Brew River (502 W Main St, 410-677-6757) is a popular restaurant located on the Wicomico River. They have great dinner specials, with half price prime rib on Tuesdays and Wednesdays, and 2-for-1 crab cakes on Thursdays. The restaurant also features an outside dock bar that is one of the most happening nightlife spots in town. If you go, be sure to grab a coconut muffin from the bread basket – they’re delicious!

Rise Up Coffee Roasters is a local favorite. Go to their College Avenue location (105 East College Ave., 443-358-5248) to get breakfast or lunch, or just hang out for a while. Alternatively, you can hit the Riverside Drive drive through (529 Rivderside Drive, 410-202-2500) if you’re on the go. They only roast certified organic and fair trade coffee, so you can feel good about caffeinating here. But even if you’re not a coffee person, it’s worth a stop: the frozen hot chocolate is A-MAZ-ING!

Local's Guide to Salisbury Maryland: Bordeleau Vineyard & Winery features a beautiful estate with a well-stocked tasting room.
Bordeleau Vineyard & Winery

Bordeleau Vineyard & Winery in the neighboring village of Eden (3155 Noble Farm Rd, Eden, 410-677-3334) offers both white and red wines on a beautiful estate (above) that often serves as a wedding venue.The Bordeleau tasting room is open Wednesday through Sunday and is a comfy, welcoming place to sample their vino.

Acorn Market (150 W Market St, 410-334-2222) offers breakfast and lunch in a relaxed atmosphere. They offer a selection of freshly made to order sandwiches and salads, and some of the  most scrumptious baked goods you will find. I especially love their sweet potato biscuits.  You won’t be able to get dinner here, though, as they close at 3:00 pm each day.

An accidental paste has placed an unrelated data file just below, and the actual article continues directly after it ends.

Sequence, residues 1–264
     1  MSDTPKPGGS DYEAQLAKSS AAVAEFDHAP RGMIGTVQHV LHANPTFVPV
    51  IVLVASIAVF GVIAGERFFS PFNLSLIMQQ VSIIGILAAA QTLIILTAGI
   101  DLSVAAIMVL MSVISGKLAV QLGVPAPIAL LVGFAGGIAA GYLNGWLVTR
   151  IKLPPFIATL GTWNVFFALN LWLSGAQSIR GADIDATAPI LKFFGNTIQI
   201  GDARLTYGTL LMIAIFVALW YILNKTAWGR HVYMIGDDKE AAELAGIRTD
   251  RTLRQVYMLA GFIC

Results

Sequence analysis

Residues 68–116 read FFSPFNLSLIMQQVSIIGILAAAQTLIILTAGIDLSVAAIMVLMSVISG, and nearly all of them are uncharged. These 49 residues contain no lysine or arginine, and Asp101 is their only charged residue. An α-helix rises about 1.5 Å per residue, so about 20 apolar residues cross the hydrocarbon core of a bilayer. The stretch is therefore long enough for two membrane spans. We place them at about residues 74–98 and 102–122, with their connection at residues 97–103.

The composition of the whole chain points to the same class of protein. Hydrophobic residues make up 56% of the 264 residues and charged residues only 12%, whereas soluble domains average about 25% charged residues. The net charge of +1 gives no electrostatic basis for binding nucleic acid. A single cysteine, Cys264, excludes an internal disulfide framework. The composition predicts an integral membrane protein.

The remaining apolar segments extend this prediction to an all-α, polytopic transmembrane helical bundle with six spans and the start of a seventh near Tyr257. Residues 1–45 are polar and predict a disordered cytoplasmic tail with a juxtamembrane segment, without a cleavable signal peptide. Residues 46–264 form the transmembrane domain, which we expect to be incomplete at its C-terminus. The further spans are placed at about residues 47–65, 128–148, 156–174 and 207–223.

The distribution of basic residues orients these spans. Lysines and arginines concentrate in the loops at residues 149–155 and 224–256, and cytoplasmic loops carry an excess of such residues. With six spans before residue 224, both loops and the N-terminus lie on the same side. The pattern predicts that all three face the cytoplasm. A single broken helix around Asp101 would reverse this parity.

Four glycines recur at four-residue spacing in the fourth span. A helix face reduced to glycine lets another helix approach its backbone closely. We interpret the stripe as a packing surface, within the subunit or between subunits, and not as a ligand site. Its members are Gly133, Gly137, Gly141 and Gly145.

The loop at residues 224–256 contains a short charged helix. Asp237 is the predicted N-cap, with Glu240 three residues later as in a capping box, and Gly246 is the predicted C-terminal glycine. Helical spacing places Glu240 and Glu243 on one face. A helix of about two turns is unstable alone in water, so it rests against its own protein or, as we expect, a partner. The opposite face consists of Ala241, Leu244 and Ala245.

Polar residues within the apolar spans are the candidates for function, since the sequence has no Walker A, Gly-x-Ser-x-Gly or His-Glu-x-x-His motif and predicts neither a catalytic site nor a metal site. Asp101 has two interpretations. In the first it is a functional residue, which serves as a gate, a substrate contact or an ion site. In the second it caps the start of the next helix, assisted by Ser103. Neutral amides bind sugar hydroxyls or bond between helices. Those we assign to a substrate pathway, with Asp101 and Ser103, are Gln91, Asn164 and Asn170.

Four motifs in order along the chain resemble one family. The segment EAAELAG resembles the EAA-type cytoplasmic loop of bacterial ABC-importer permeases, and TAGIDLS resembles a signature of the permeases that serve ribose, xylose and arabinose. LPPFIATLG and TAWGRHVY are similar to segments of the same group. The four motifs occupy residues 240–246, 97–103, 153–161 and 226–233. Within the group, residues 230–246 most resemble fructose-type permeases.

Classic Cakes (1305 S Division St #8, 410-860-5300) makes Smith Island cakes. If you’ve never heard of such a thing, you are in for a treat! Maryland’s official state dessert is a nine-layer (yes, NINE!) yellow cake with chocolate ganache type frosting.

Local's Guide to Salisbury Maryland: Try the official state dessert. a nine-layer Smith Island Cake.

That’s the traditional version. But Classic Cakes has taken it up a few notches and made many delicious varieties: cookies and cream, Reese’s cup, coconut pineapple, banana, red velvet, and many more. I like the classic and the banana best. They also sell cupcakes but don’t let that tempt you… the cake is way better, and they even sell it by the slice.

Where to Stay

Salisbury isn’t different from other cities in this regard. There’s a selection of hotels from 2 1/2 to 3 1/2 stars. If location is important to you, then you can’t do much better than LaQuinta, which is right next to the city’s Riverwalk Park and newly constructed amphitheater. Downtown bars, restaurants and shopping are a quick 10-15 minute walk, and a bank next door to the hotel has an ATM, should you need one.

If Airbnb is more your thing, there are quite a few properties to choose from in Salisbury, from single rooms to riverfront lofts. Just make sure before booking that the property is in Salisbury and not a nearby town like Crisfield or Pocomoke. Those towns, while technically nearby, would add 30-45 minutes of driving to your outings. Book an Airbnb through this link and you will receive a $40 credit!

Finally, if you’re a camping kind of family, I’m sorry to say that there aren’t any campgrounds in Salisbury. The town of Berlin has several camping options, however, and is about 30 minutes away by car.

Where to Shop

If you’re into country decor, Salisbury is your Mecca. The Country House (805 E Main St, 410-749-1959). Set aside at least half a day to look through their items, as the store is huge – 48,000 square feet – and no space is wasted.  They carry all sorts of wonderful items, from curtains to floral to apparel and seasonal items too.

Angello’s Unique Gifts is a great spot to browse, and it’s located right next to the Acorn Market (150 W Market St, 443-358-5152), so you can stop by after lunch. This is the perfect place to pick up a souvenir of your visit, or a gift for someone who is hard to shop for. They even do embroidery to personalize your purchase.